Desks have changed more during my woodworking career than almost any other common piece of furniture, with the possible exception of TV cabinets. The main reason, of course, is that the way people use desks has changed. The desk where I am currently working is smaller than what I formerly used, has fewer drawers, and has a long shelf surface at the back, a kind of parapet, for computer monitors.

Structurally, desks are similar to tables, with many of the same issues and opportunities. The further we move into the digital age, the more the difference between a desk and a table seems to shrink. The fundamental requirement of a desk is a work surface, and it may be that physical storage in drawers will become a minor element. I have made a couple of stand-up desks, excellent for sufferers of low back pain and people tired of the sedentary life.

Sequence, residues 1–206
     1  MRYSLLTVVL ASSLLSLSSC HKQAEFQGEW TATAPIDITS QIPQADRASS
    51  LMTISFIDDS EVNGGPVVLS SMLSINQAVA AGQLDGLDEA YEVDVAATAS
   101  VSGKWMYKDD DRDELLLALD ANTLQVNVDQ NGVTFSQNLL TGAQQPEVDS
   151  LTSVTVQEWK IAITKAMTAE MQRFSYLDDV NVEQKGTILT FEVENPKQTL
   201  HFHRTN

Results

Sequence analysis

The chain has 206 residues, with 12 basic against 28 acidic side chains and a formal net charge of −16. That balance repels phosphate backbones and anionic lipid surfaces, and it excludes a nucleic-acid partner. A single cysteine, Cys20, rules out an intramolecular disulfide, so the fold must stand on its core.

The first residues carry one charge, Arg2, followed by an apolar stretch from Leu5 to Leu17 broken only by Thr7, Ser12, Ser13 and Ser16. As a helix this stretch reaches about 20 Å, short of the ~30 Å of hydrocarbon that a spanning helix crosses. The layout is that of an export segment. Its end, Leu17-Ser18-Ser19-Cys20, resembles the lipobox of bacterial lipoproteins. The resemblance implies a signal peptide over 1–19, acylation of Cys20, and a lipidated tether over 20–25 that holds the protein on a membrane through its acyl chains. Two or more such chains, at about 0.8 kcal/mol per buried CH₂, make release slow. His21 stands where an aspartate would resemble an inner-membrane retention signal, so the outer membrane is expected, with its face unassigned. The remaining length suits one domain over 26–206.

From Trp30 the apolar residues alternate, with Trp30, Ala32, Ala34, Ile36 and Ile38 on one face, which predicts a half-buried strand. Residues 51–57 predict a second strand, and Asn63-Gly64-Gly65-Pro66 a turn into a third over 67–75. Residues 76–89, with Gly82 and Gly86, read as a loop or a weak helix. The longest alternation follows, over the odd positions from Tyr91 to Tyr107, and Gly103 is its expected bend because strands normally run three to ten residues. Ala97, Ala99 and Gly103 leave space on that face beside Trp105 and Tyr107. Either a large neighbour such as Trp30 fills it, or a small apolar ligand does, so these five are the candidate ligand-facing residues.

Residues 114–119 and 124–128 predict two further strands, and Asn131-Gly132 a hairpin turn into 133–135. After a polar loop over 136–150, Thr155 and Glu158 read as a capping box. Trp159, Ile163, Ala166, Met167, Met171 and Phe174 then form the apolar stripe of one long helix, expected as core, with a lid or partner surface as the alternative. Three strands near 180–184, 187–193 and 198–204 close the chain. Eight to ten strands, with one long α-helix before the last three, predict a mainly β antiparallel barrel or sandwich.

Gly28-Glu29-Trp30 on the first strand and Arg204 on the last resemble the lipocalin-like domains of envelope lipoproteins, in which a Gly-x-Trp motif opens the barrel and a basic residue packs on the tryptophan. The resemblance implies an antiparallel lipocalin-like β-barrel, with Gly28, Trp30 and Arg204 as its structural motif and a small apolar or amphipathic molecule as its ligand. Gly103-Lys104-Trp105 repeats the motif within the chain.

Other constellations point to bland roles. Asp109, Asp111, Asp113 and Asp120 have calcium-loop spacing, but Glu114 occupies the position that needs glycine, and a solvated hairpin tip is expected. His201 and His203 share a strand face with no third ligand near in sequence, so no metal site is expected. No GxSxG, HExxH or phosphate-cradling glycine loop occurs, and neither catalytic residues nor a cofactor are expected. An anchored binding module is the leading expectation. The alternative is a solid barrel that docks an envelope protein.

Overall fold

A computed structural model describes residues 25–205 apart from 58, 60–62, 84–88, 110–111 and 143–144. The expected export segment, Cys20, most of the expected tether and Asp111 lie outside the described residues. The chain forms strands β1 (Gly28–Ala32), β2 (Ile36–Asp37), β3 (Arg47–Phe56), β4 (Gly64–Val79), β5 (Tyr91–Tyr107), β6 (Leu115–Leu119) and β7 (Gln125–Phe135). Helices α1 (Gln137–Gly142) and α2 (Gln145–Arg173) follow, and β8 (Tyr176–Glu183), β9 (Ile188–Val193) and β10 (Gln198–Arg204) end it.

Chairs, on the other hand, haven’t changed much. Functional chair design remains the eternal quest for the chair that is comfortable and remains so as you sit. The arched chair shown here has been made in two versions, each of which has its partisans, and several recent benches shown here have also been successful. The benches turn out to be very versatile pieces of furniture, which can double as occasional tables and move around the room as needed.


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